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Morning Routine

How to prevent a bad start to your day from getting in your way

There’s nothing like getting off on the wrong foot at the beginning of the day. In fact, research has even found that witnessing rudeness in the morning will ruin the rest of the day, but confidence was found to help participants combat the effects of rudeness that played out.

Here are four other ways to take a breather when you start work with a huge chip on your shoulder.

Find a quiet spot to think

Give yourself some alone, away from your chattering coworkers and manager’s demands. Instead of living on autopilot, this can help you process the morning you’ve had, even for a few minutes. Take a second to stop rushing around and see where your mind takes you. Whether it’s on a walk or over a cup of coffee, hit the pause button using mindfulness while you can.

Also, think about switching up your daily routine and working in a different setting for once.

Focus on what you can control — not what you can’t

Don’t waste time stressing out about things that you have no control over. This will only add more unnecessary fuel to a blazing fire.

So settle in and stop taking responsibility for every negative thing that’s happened to you that day, and do what you have to in order to move forward. Throw yourself into your work. Listen to music or a podcast. Read your favorite weekly column. Make yourself busy. After all, life goes on. Why shouldn’t you?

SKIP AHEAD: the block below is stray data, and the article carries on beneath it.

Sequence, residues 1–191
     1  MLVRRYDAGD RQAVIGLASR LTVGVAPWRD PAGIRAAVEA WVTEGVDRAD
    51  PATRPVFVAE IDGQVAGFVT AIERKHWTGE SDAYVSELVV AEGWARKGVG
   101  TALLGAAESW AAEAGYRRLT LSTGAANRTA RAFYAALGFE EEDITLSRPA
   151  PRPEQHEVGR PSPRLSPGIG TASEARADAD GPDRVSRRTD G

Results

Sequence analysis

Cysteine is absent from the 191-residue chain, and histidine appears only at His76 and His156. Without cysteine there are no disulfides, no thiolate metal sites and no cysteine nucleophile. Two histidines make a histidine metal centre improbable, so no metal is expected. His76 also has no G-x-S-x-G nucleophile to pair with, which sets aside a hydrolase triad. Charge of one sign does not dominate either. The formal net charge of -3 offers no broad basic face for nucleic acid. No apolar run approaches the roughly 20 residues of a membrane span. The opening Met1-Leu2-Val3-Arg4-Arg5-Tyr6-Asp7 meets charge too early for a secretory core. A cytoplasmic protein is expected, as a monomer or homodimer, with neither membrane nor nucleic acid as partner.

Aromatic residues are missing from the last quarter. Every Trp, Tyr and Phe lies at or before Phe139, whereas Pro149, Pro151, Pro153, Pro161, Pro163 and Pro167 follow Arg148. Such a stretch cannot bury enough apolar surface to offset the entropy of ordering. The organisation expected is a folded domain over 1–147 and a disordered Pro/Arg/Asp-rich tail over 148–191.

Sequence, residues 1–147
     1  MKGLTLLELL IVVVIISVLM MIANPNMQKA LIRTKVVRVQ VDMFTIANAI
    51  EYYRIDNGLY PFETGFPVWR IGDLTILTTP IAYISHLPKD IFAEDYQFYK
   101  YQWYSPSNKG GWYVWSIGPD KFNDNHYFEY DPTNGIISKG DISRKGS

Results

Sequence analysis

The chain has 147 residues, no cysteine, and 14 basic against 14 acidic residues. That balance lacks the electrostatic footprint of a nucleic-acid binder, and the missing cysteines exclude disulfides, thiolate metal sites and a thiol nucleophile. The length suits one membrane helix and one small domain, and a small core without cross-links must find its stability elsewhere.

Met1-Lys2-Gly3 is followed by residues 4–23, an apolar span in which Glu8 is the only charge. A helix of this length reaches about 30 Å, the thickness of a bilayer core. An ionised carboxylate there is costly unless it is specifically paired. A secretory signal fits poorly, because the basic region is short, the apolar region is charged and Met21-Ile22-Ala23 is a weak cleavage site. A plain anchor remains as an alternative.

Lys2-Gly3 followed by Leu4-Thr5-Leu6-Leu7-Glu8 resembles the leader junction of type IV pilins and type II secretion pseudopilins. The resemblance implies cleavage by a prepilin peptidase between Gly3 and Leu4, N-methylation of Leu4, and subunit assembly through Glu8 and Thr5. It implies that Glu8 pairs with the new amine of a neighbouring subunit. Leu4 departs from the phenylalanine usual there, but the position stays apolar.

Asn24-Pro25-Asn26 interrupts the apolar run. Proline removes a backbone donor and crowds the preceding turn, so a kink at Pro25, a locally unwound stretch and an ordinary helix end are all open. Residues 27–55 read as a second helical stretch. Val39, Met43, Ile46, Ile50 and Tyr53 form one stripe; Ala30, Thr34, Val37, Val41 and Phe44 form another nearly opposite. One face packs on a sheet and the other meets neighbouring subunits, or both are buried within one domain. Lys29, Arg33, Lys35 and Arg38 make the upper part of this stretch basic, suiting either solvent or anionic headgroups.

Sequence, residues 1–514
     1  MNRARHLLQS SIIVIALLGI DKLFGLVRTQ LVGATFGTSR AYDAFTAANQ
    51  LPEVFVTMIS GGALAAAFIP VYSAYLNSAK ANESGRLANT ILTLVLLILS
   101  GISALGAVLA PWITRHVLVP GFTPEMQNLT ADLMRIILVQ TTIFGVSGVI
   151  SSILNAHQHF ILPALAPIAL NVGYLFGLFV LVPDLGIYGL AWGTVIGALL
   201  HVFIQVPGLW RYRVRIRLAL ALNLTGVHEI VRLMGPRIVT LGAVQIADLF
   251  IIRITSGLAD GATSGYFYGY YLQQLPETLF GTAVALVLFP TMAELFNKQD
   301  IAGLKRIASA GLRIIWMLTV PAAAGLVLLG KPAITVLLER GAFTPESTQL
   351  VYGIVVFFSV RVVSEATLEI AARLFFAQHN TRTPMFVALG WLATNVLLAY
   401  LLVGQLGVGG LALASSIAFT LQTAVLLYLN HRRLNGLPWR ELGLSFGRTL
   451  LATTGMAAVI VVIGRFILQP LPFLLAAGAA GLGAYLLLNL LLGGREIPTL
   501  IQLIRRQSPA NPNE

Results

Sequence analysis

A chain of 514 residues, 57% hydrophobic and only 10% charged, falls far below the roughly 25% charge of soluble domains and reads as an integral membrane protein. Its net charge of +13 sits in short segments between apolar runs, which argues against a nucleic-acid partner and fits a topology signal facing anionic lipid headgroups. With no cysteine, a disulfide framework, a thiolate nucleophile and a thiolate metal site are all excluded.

Practice gratitude

Rough commute? Think about the fact that you didn’t have to make your train today, but you managed to anyway.

Or the fact that your apartment’s air conditioning system isn’t broken in this crazy summer heat, or that you’re wearing your favorite outfit to work. Your list could probably go on and on.

If you slow down for a moment, you’ll realize that even if your morning has been one of the worst you’ve had in a while, you ultimately still have a bunch of things to be thankful for.

Think about those exciting plans on the horizon

On the worst days, it really pays to give yourself something to actively look forward to.

Are you going on vacation with family soon? Or meeting up with friends you haven’t seen in the longest time? Are you taking yourself to dinner, or going to a fun conference soon?

Your plans don’t have to be extravagant — just positive — to potentially change your mood for the better.

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